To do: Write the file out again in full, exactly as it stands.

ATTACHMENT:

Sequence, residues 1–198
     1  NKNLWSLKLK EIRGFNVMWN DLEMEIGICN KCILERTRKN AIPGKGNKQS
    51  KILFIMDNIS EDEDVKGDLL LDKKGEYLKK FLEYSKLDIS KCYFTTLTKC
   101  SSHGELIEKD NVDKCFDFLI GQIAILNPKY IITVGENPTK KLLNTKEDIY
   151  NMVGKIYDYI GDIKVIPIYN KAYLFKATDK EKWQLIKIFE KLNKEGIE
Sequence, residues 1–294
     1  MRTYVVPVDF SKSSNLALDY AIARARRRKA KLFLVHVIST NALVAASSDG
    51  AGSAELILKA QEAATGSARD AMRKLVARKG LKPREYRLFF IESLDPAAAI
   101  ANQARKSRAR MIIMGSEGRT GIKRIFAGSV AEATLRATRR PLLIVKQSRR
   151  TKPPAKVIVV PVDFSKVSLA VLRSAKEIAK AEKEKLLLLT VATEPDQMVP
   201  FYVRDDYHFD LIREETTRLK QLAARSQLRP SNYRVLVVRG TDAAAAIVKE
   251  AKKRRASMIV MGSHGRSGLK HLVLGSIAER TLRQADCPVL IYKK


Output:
Sequence, residues 1–198
     1  NKNLWSLKLK EIRGFNVMWN DLEMEIGICN KCILERTRKN AIPGKGNKQS
    51  KILFIMDNIS EDEDVKGDLL LDKKGEYLKK FLEYSKLDIS KCYFTTLTKC
   101  SSHGELIEKD NVDKCFDFLI GQIAILNPKY IITVGENPTK KLLNTKEDIY
   151  NMVGKIYDYI GDIKVIPIYN KAYLFKATDK EKWQLIKIFE KLNKEGIE
Sequence, residues 1–294
     1  MRTYVVPVDF SKSSNLALDY AIARARRRKA KLFLVHVIST NALVAASSDG
    51  AGSAELILKA QEAATGSARD AMRKLVARKG LKPREYRLFF IESLDPAAAI
   101  ANQARKSRAR MIIMGSEGRT GIKRIFAGSV AEATLRATRR PLLIVKQSRR
   151  TKPPAKVIVV PVDFSKVSLA VLRSAKEIAK AEKEKLLLLT VATEPDQMVP
   201  FYVRDDYHFD LIREETTRLK QLAARSQLRP SNYRVLVVRG TDAAAAIVKE
   251  AKKRRASMIV MGSHGRSGLK HLVLGSIAER TLRQADCPVL IYKK